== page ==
MISSOULA – Jedediah Brodie, an ecologist and conservation biologist, will join the University of Montana Wildlife Biology Program as the next John J. Craighead Chair of Wildlife Biology.
Brodie will join the College of Humanities and Sciences faculty this fall. He was previously an assistant professor of conservation ecology at the University of British Columbia.
“We are elated to have Jedediah join our wildlife biology faculty,” Bishop said. “He is an extremely productive researcher who has made notable contributions to wildlife conservation in North America and globally. Jed was selected from an extremely competitive field of candidates, which speaks to the value of these high-profile endowed chairs for attracting top ecologists to the University of Montana.”
The endowed chair position was established to honor the accomplishments of John J. Craighead, who pioneered many areas of wildlife biology research. Craighead worked with grizzly bears in Yellowstone National Park and led the Montana Cooperative Wildlife Research Unit during his 25 years at UM.
“The Craigheads left an indelible legacy in wildlife biology,” Brodie said. “I’m honored to join the amazing faculty in the Wildlife Biology Program and excited to work with my new colleagues to push the boundaries of ecology and conservation worldwide.”
Brodie received a Ph.D. in biology from UM in 2007. He was a David H. Smith Postdoctoral Fellow with the Wildlife Conservation Society from 2007 to 2009 and a Fulbright Research Fellow to Malaysia from 2011 to 2012.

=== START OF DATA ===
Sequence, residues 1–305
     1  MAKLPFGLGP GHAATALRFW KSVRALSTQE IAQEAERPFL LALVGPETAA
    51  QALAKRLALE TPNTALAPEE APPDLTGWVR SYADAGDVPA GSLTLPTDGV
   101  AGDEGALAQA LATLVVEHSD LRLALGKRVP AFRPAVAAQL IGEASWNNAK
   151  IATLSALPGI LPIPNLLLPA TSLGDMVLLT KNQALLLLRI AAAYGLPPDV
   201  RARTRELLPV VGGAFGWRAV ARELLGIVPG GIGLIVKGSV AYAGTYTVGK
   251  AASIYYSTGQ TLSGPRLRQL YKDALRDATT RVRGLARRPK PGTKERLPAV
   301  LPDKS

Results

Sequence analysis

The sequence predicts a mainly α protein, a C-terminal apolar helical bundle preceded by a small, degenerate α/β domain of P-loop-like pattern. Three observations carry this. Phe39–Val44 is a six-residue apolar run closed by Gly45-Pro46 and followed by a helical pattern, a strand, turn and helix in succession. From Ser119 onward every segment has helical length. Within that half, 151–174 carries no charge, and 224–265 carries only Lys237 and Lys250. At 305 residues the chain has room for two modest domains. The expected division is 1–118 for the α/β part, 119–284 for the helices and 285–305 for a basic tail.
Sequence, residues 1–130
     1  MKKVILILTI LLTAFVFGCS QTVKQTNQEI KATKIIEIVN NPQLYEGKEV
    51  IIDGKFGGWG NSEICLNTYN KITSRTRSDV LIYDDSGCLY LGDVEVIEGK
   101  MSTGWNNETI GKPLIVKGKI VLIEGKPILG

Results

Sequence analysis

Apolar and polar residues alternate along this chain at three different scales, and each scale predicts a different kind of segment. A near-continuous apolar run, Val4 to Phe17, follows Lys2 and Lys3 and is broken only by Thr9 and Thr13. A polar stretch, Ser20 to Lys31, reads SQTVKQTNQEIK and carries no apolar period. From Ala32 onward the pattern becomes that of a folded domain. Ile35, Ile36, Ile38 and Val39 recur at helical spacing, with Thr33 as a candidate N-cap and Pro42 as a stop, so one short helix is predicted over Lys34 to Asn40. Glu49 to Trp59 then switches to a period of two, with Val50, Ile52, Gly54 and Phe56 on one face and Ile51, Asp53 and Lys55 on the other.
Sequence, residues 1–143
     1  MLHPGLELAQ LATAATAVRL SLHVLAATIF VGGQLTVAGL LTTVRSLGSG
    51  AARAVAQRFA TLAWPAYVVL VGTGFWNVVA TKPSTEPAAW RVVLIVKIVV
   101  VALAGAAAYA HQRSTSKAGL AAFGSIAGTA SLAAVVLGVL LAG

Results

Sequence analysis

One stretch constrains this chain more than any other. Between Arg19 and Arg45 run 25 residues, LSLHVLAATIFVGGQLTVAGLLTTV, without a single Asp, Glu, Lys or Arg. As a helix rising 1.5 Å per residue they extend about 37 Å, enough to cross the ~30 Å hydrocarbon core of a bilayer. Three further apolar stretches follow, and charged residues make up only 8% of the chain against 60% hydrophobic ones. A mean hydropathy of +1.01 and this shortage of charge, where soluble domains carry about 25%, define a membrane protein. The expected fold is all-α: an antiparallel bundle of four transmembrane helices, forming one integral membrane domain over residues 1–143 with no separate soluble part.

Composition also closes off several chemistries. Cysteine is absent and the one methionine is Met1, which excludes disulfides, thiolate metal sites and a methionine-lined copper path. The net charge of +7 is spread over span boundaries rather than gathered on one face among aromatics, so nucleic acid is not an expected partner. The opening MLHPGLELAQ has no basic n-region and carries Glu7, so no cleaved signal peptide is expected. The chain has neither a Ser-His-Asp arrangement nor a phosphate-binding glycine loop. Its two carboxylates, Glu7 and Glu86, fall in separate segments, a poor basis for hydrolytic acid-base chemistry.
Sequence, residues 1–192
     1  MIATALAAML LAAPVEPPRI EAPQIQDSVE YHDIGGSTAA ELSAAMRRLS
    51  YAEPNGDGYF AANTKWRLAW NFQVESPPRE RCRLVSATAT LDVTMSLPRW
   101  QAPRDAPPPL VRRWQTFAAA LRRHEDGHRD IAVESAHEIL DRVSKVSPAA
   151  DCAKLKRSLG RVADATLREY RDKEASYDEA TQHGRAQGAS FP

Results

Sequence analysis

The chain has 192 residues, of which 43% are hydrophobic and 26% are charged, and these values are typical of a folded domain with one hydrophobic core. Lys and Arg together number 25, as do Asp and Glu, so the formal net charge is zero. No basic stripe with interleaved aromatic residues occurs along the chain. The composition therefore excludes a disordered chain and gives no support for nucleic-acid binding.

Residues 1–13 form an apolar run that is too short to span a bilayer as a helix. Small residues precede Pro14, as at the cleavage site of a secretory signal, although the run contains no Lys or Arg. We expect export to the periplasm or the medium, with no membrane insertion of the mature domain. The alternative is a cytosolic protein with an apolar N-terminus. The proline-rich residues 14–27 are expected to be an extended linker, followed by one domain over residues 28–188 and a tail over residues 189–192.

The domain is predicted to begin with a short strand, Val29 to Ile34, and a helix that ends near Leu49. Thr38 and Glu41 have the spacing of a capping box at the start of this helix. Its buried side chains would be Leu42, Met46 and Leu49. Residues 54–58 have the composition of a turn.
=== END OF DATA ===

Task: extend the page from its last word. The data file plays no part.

He studies mammal population ecology, landscape connectivity and species interactions. Much of his research takes place in Southeast Asia – mostly in Borneo – where he studies the metacommunity of mammals living in increasingly altered habitats, as well as the ecological importance of species interactions involving mammals.
He is a lead author of the Intergovernmental Panel on Biodiversity and Ecosystem Services Asia-Pacific Assessment, a member of the International Union for Conservation of Nature Species Survival Commission, scientific adviser to the International Conservation Fund of Canada, and a research associate with the Denver Zoological Foundation.
UM’s Wildlife Biology Program is world-renowned for the quality of its research and undergraduate and graduate programs. The program is administered by the College of Forestry and Conservation, the Division of Biological Sciences and the Montana Cooperative Wildlife Research Unit and is the only UM program with two endowed positions, the Boone and Crockett Professor and the John J. Craighead Chair.